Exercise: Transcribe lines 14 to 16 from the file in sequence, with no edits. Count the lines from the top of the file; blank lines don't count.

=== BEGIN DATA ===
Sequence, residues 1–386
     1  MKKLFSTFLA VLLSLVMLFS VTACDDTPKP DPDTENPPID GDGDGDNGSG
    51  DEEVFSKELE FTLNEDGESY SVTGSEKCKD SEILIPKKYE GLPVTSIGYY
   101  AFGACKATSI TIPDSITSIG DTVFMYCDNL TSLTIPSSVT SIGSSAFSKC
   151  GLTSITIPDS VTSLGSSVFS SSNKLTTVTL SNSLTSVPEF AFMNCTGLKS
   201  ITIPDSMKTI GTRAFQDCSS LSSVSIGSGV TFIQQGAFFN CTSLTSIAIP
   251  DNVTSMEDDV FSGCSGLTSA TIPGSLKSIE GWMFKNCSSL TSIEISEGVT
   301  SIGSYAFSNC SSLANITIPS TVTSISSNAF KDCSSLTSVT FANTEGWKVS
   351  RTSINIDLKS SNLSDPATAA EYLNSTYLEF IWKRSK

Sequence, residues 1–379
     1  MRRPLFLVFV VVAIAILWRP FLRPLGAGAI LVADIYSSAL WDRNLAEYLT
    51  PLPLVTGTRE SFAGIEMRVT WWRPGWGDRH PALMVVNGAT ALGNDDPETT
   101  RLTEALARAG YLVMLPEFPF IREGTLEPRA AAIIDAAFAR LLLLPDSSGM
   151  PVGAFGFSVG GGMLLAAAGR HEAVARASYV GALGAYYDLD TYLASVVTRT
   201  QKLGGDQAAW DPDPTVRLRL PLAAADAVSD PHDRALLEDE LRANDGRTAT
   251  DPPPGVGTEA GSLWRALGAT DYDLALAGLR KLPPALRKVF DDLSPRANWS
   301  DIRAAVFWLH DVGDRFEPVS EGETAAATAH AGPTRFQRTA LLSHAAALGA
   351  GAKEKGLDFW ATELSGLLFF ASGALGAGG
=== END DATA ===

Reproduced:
   151  PVGAFGFSVG GGMLLAAAGR HEAVARASYV GALGAYYDLD TYLASVVTRT
   201  QKLGGDQAAW DPDPTVRLRL PLAAADAVSD PHDRALLEDE LRANDGRTAT
   251  DPPPGVGTEA GSLWRALGAT DYDLALAGLR KLPPALRKVF DDLSPRANWS